Emory Law Journal

Volume 63Issue 1
Articles

Students, Security, and Race

Jason P. Nance | 63 Emory L.J. 1 (2013)

In the wake of the terrible shootings in Newtown, Connecticut, our nation has turned its attention to school security. For example, several states have passed or are considering passing legislation that will provide new funding to schools for security equipment and law enforcement officers.

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Bad Briefs, Bad Law, Bad Markets: Documenting the Poor Quality of Plaintiffs’ Briefs, Its Impact on the Law, and the Market Failure It Reflects

Scott A. Moss | 63 Emory L.J. 59 (2013)

For a major field, employment discrimination suffers surprisingly low-quality plaintiffs’ lawyering.

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Comments

The Anti–Crowd Pleaser: Fixing the Crowdfund Act’s Hidden Risks and Inadequate Remedies

David Mashburn | 63 Emory L.J. 127 (2013)

This Comment analyzes the hidden transaction costs in the Crowdfund Act, particularly the severe liability cost this provision imposes on issuers. Crowdfunded offerings present a new environment in which innocent but inexperienced entrepreneurs face increased risk of making a misstatement or misleading omission. Crowdfunded offerings confront a number of issues not faced by mature companies making public offerings, including the high failure rate of startups, the difficulty of working with emerging technology, the entrepreneurial psychological predisposition to risk, a lack of sophisticated disclosure assistance, and a dearth of due diligence.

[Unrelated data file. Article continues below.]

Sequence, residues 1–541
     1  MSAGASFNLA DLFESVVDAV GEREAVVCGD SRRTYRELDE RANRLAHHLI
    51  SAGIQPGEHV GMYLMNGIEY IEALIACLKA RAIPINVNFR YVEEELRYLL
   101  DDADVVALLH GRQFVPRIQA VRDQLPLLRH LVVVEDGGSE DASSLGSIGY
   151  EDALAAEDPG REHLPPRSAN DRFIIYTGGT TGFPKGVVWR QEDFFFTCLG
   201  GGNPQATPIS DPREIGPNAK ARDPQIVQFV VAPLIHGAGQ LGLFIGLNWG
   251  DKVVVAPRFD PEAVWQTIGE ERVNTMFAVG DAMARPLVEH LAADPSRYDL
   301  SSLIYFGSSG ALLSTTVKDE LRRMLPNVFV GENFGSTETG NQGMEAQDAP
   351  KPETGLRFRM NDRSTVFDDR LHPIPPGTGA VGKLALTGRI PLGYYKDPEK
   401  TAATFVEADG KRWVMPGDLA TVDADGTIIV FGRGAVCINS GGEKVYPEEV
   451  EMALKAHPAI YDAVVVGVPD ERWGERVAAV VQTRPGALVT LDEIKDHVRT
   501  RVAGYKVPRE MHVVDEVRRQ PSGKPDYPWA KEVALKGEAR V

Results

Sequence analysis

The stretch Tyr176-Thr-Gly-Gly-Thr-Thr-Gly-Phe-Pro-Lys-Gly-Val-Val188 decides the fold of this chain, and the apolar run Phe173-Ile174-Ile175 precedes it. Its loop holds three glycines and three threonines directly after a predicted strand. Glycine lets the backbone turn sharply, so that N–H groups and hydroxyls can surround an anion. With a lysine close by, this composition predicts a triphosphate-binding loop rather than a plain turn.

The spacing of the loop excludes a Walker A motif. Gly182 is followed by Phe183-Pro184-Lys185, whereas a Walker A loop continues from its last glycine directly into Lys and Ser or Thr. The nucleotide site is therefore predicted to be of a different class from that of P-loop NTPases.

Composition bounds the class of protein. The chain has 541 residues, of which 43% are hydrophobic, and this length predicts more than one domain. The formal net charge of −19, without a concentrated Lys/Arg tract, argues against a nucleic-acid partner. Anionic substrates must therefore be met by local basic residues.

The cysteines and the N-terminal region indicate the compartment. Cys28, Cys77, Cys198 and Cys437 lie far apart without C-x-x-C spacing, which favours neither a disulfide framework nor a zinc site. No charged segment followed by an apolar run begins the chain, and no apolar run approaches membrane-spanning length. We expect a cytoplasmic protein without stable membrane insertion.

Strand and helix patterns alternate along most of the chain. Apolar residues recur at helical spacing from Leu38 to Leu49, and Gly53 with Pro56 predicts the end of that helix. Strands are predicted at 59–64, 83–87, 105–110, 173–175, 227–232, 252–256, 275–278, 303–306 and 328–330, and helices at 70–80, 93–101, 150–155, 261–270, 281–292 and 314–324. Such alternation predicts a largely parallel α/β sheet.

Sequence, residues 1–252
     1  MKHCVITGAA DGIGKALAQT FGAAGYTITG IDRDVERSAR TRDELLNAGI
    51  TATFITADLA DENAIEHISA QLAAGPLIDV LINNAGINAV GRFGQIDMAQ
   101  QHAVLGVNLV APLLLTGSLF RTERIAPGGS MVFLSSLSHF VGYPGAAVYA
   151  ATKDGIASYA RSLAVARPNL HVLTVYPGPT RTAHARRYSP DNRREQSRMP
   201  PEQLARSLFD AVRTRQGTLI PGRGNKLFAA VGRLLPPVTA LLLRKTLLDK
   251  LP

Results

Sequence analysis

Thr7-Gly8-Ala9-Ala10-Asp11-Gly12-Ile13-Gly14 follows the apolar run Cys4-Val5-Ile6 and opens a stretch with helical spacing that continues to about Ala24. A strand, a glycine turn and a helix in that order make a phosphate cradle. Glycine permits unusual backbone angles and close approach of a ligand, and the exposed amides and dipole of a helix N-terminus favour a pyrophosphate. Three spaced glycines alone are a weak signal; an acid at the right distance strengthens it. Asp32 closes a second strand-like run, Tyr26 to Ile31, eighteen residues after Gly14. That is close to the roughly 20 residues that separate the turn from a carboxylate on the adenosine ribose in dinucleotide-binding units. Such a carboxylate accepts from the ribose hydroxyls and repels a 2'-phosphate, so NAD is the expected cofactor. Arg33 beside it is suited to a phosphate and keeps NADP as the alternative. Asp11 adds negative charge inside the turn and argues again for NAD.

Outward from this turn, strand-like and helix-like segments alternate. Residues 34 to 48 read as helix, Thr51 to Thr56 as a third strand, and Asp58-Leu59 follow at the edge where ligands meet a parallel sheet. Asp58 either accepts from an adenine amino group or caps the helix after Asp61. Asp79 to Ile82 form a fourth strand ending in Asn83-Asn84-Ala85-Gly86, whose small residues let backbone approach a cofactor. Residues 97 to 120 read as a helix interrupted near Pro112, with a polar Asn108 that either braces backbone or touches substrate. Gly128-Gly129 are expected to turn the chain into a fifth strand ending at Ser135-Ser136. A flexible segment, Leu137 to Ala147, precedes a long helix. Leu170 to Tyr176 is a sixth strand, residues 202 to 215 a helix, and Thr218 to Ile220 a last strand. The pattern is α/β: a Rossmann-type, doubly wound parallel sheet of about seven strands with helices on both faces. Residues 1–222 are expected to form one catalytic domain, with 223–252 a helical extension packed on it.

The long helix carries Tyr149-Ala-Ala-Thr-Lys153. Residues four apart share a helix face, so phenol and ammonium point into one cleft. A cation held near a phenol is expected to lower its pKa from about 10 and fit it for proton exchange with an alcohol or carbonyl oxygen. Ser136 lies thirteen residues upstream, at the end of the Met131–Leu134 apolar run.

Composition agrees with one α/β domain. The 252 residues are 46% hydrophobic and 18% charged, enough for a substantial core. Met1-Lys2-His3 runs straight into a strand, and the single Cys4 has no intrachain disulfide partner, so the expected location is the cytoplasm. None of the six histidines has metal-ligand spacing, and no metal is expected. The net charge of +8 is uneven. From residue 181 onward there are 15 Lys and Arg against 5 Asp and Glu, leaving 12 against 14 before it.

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Regulation X: A New Direction for the Regulation of Mortgage Servicers

Margaret R.T. Dewar | 63 Emory L.J. 175 (2013)

Mortgage servicers are responsible for handling the day-to-day processing of mortgage loans. These responsibilities include processing borrower payments, transferring funds to trustees and investors, and answering borrower inquiries. Mortgage servicers are also responsible for handling delinquent loans when a borrower is late making payments. If a borrower does not cure the delinquency, mortgage servicers are responsible for choosing whether to pursue a foreclosure sale or to implement a loss mitigation option.

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Prudential Standing, the Zone of Interests, and the New Jurisprudence of Jurisdiction

Micah J. Revell | 63 Emory L.J. 221 (2013)

Threshold limitations on the availability of judicial review are ubiquitous in the modern federal court system. While many are fact-specific and malleable, the most foundational one, jurisdiction, is not. The D.C. Circuit recently held that prudential standing, specifically the zone of interests test, is a jurisdictional limitation on the court’s power to decide a case. This holding directly contradicts several other circuits, which have held that prudential standing is not jurisdictional and may be waived when the parties fail to raise it. Twenty years ago, this decision likely would not have garnered much attention because jurisdictional dismissals were common for a wide swath of reasons. However, the Supreme Court has recently honed its concept of jurisdiction and has cautioned courts to use the label sparingly.

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